The Dangers of Participating in a Digital Democracy

09.17.07 | Filed Under Me

Blogging can be a more dangerous proposition than it first appears to be … the problem is, that sometimes people actually read blogs. What’s worse, some people care about what’s written in them.As you’ve clearly noticed, I’ve recently re-joined the rank and file of the blogging world, and I’m excited and pleased to be doing so. My own reasons for re-emergence are scattered … but some of it has to do with memory and other things alluded to ina previous post. Consequently, I’m using this as a public journal of sorts.  A blog, if you will.

I bull-dozed through my youth (like everyone else), but I have enough document from that period to remember what it’s like to be young. There are so many benchmarks that you clearly reach (or don’t reach), that it can be relatively easy to call up memories from 14, 18, 22, etc.

But what about 26? Let alone 29 …To combat this problem, a few years ago I began making playlists of songs that were in heavy rotation on my iPod (or what have you) for each season of a year, beginning with Summer 2003. This was vaguely inspired by the film, High Fidelity (there’s a scene where John Cusack is so upset that he starts re-organizing his vast record collection in order of musical discovery – brilliant). These are the equivalent my photo albums, as photos didn’t really interest me much until recently.

But I’d like to use this blog to get more specific about logging the experiences, emotions, perspectives and perceptions of my days. That way I could get a clear sense whether 29 year old Matt might get a kick out of 39 year old Matt. (The jury is still out on whether that actually matters.)

But there are dangers. How specific can I be? Will people be offended by what I say? Will observations/thoughts that I have come back to bite me when packaged for public consumption? What if I’ve neglected to tell someone something and they read about it on my blog? Should I change the time-stamp to be outside of work hours? This site isn’t important enough to me to negatively affect my “real” world. Obviously, you shouldn’t say things like “my boss is a d-bag” on your blog. But you’d have to be pretty thick not to realize that. Especially because I assume most potential employers Google people’s names now.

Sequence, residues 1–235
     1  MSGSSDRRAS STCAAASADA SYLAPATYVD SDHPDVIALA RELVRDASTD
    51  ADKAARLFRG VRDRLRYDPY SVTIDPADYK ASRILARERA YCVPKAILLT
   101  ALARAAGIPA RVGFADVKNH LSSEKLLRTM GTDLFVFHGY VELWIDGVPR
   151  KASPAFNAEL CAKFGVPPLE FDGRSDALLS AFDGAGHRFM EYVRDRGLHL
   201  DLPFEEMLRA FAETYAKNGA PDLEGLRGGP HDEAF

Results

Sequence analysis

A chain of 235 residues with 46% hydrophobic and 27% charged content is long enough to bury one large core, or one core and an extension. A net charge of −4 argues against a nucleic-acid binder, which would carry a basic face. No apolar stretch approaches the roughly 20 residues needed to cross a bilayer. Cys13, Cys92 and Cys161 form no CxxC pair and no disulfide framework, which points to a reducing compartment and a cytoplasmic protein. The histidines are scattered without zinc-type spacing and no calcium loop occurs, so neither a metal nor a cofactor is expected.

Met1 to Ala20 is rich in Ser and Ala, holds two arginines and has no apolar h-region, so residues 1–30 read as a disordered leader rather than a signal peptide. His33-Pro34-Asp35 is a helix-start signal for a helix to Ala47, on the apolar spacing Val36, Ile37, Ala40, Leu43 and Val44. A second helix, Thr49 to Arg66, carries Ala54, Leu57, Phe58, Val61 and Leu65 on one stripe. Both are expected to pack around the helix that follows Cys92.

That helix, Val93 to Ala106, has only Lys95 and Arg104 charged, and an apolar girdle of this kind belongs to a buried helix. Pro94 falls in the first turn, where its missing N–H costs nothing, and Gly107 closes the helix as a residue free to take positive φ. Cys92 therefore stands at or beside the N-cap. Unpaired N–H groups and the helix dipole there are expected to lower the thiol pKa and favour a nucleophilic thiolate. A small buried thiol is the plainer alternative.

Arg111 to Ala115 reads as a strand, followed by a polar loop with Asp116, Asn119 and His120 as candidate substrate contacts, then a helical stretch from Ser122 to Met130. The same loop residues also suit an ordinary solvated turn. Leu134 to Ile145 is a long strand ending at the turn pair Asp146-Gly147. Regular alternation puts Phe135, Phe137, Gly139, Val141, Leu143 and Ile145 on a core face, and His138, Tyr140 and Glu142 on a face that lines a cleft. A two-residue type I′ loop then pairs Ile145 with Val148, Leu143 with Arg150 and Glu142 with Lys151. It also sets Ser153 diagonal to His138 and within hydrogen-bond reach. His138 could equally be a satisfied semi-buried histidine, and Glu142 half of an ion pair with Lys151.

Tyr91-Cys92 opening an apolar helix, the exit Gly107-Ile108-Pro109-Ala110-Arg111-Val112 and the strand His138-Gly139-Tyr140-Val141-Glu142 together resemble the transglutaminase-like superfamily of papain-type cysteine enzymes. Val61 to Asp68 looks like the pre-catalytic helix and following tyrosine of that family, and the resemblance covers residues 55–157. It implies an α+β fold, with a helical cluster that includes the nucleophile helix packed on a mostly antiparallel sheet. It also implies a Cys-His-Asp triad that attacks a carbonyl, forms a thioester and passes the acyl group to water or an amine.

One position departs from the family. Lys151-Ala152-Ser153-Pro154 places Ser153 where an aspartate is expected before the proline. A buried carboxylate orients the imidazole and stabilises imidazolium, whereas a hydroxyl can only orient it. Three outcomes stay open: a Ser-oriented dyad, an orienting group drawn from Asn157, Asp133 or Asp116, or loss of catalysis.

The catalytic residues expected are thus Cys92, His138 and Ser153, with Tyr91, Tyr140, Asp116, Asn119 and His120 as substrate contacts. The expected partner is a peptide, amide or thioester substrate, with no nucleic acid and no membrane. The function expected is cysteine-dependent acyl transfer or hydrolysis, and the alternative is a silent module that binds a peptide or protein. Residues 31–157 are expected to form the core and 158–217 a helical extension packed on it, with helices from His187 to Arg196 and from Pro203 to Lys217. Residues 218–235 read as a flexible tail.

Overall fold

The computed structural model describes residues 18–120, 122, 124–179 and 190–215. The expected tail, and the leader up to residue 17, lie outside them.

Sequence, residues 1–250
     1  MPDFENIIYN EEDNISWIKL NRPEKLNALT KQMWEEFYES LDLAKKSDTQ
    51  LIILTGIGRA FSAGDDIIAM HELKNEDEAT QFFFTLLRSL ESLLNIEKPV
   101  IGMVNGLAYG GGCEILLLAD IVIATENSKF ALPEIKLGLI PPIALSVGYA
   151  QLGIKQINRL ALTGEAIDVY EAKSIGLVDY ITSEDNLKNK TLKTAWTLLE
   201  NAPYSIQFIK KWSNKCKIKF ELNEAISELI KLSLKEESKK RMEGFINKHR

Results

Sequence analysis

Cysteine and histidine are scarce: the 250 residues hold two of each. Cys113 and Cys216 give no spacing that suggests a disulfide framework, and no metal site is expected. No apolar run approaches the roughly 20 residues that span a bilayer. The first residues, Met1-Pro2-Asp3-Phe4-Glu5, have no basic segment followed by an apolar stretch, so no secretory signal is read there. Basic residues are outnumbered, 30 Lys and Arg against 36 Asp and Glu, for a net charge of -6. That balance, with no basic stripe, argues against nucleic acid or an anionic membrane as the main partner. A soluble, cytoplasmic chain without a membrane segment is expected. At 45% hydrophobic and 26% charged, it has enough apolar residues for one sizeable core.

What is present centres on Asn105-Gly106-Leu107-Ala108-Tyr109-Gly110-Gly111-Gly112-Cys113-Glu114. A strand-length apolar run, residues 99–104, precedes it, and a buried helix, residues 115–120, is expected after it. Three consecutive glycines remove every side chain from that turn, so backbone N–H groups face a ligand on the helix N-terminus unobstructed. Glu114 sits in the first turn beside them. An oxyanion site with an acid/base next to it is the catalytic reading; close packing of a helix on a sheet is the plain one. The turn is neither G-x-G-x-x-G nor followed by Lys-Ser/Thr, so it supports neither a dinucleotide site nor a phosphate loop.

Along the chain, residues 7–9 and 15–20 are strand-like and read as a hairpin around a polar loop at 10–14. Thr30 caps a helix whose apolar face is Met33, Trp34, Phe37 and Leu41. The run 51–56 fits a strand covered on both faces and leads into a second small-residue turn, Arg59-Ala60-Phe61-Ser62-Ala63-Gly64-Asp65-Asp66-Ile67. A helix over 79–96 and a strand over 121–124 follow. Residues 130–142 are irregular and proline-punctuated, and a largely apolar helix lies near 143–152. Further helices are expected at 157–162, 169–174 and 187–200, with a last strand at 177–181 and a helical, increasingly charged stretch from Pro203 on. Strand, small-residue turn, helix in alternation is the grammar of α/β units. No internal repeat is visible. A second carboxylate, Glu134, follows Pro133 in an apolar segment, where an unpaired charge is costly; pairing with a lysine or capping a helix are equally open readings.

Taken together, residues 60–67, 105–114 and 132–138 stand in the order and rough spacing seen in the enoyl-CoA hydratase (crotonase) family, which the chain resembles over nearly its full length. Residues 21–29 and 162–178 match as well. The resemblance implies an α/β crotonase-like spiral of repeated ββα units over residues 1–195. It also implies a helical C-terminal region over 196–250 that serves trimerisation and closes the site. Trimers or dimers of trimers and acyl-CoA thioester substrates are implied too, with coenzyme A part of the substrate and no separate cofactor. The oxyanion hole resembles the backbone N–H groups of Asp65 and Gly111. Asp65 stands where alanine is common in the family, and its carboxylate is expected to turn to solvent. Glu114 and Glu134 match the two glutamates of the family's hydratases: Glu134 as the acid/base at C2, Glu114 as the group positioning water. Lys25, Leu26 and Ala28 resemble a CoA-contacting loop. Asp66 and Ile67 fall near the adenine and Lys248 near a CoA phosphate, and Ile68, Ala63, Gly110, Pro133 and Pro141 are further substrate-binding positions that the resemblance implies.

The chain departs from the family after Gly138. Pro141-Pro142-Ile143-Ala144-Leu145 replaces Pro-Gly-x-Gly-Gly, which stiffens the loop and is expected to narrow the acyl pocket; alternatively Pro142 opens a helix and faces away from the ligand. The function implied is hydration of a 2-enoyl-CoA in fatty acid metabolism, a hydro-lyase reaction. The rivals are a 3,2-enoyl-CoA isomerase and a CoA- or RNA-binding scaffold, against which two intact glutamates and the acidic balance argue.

The lovely lady I’ve been spending time with lately asked me what I write about on my blog. I didn’t really have an answer for her. I mean, I do write about my life (I guess I’m doing that right now), but I don’t really … confess dark secrets here. I try not to name names in most scenarios. It can be limiting at times … part of the reason I write (publicly or otherwise) is to better articulate the thoughts in my head … and plenty of those thoughts are about the people who are close to me. The only way I’ll blog about that though is if I’ve extrapolated some greater observation from the situation. And even then, if it’s at all a sensitive situation in my real life, it probably won’t end up here (explicitly anyway).

I try to have an open-door policy in my life as it is. I may not offer certain information up without being asked, but in most cases, I’ve found that being dodgy about something does more damage than what you were being dodgy about. If I can show someone that I’m on the level with something, then generally they are going to be pretty accepting and on-the-level with me too. Of course, it’s not always that easy. There are things that you must do in your life, that you can’t explain to other people, things that seem unacceptable out of context … that doesn’t make them less important, genuine or necessary.

So … to answer the lovely lady’s question … time will tell what I write about. Good guesses include: music, culture, city-life … observations on advertising (the industry I work in) … and once in a while I’ll probably sneak in a sermon or two. I hope to make use of the tag cloud in the left hand sidebar so we can all see what I’m writing about.You know.

For posterity. Ahem.